Letters from Issue 33


Dear Editors,

I’d like to respond to Jesse McCarthy’s writing on the relationship between the trap, trapping, and trap music in “Notes on Trap” (Issue 32) by way of an anecdote. I know some trappers. In the car with one in Atlanta, as we drove from deal to deal, stopping occasionally to measure weight and count bills, we listened to Future’s album FUTURE. The trapper told me this was his favorite album to listen to while trapping because he was trapping and Future was trapping.

There’s a tautology implicit in his words. Trap music is trapping and trapping is trap music. Whenever someone asks a trapper to explain how trapping as an action (the closest yet totally inadequate synonym being dealing) relates to trapping as a musical genre, the tautology continues. Some might take it as an invitation to explain trap, but I think trappers know what they’re doing when they answer this way. They’re not saying, “If you don’t know, now you know,” but, “If you have to ask, you’ll never know.”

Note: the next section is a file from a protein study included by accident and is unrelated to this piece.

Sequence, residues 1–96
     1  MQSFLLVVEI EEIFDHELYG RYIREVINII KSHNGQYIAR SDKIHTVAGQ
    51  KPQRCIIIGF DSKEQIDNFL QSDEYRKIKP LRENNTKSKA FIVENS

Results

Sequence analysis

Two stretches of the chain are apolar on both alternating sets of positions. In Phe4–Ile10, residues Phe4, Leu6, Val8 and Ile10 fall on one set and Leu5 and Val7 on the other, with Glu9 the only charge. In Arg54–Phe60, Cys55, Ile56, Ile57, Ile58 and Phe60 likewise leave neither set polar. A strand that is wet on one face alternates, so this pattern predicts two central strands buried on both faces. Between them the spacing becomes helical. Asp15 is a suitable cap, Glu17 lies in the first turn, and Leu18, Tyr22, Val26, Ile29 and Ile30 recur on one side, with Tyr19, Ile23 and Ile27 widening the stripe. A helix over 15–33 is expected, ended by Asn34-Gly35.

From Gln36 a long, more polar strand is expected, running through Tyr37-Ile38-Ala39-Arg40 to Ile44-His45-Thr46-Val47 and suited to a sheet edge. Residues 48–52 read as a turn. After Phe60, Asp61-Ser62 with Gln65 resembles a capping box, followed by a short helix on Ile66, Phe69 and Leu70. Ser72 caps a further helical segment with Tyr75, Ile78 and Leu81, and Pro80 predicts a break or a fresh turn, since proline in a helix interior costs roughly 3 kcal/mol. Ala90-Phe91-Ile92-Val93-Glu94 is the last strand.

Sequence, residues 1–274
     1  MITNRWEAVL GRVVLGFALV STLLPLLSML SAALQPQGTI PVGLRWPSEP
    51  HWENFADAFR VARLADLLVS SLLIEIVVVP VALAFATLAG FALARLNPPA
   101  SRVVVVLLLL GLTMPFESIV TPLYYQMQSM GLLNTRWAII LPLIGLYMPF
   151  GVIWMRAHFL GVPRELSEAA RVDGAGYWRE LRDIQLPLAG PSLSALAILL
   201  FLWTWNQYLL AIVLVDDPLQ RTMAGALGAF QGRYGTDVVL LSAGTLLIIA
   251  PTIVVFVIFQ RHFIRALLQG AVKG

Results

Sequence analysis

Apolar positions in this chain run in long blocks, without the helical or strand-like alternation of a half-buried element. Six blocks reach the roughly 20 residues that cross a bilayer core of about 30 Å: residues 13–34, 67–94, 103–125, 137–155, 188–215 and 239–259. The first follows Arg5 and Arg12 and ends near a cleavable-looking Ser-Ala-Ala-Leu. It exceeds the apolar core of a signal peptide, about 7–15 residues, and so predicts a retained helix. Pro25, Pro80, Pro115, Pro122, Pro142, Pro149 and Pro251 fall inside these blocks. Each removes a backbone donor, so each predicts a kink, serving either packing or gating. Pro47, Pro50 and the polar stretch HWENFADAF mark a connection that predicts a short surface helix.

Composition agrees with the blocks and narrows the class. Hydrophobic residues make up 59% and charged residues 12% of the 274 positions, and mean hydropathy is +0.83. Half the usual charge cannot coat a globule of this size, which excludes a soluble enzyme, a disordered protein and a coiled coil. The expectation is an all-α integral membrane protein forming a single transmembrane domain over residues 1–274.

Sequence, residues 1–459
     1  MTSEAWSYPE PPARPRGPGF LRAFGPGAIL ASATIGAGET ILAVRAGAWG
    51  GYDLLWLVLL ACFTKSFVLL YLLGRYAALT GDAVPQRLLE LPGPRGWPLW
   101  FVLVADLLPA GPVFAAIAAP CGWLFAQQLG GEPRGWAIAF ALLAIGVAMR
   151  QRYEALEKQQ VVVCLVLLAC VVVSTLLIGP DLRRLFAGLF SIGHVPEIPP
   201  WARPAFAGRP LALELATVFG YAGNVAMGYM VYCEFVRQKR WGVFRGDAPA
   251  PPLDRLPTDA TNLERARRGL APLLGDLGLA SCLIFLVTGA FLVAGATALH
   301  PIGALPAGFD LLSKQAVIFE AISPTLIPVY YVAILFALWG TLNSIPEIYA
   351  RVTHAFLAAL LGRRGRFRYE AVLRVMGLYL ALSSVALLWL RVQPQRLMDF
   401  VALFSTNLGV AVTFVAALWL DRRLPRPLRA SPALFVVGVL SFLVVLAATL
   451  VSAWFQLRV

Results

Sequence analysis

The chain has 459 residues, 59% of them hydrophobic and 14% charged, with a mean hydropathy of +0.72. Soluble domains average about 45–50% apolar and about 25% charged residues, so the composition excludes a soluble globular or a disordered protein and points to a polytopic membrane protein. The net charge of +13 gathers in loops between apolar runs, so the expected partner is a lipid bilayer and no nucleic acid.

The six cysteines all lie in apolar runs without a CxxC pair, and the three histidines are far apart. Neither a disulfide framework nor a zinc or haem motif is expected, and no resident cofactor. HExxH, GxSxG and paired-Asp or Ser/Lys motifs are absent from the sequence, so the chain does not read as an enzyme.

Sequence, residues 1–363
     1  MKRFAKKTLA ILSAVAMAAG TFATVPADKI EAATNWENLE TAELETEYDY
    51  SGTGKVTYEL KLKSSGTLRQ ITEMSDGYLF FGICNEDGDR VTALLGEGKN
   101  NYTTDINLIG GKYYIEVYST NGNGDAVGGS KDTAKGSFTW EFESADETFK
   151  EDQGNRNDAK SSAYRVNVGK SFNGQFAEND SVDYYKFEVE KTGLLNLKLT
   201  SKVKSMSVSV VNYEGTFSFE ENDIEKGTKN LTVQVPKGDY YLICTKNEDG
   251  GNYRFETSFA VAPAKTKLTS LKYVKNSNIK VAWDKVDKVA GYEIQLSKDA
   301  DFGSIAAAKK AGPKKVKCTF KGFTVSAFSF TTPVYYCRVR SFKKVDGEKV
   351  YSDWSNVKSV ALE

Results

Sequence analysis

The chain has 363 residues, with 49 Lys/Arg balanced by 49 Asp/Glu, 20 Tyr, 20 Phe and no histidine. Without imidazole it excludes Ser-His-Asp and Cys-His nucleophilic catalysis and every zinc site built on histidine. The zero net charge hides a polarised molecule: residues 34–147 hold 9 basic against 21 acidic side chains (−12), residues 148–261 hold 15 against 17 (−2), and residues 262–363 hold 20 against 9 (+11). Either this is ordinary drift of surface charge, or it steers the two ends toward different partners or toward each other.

McCarthy’s essay is at its best when it takes this refusal to explain for granted, understanding that trappers control just how much of trap we can know for their own purposes (safety, profit, and so on). That is, the essay shines when it inhabits the discourses of trap to better understand the subject at hand (an encounter in a store, for instance). The essay seems weakest when it fails to take the limitations of our ability to know trap seriously. At these moments, McCarthy offers definitions and analyses in terms external to the genre and makes claims about the generalizability of trap. For instance, “All these blocks, all these hoods . . . are effectively the same.” Never once did I feel, on that ride down Old Nat, that anywhere else in Atlanta, let alone the world, was like the south side. Thinking back on that moment now, I still can’t say that I know the south side so much as that I know what a trapper showed me of his life. Taking seriously our inability to know anything other than what the trapper lets us see while still caring about those who find themselves in the trap is what seems, to me, both most thrilling and most urgent about trap. I wish only that McCarthy took the limitations of our knowledge seriously throughout.

 — Elias Rodriques

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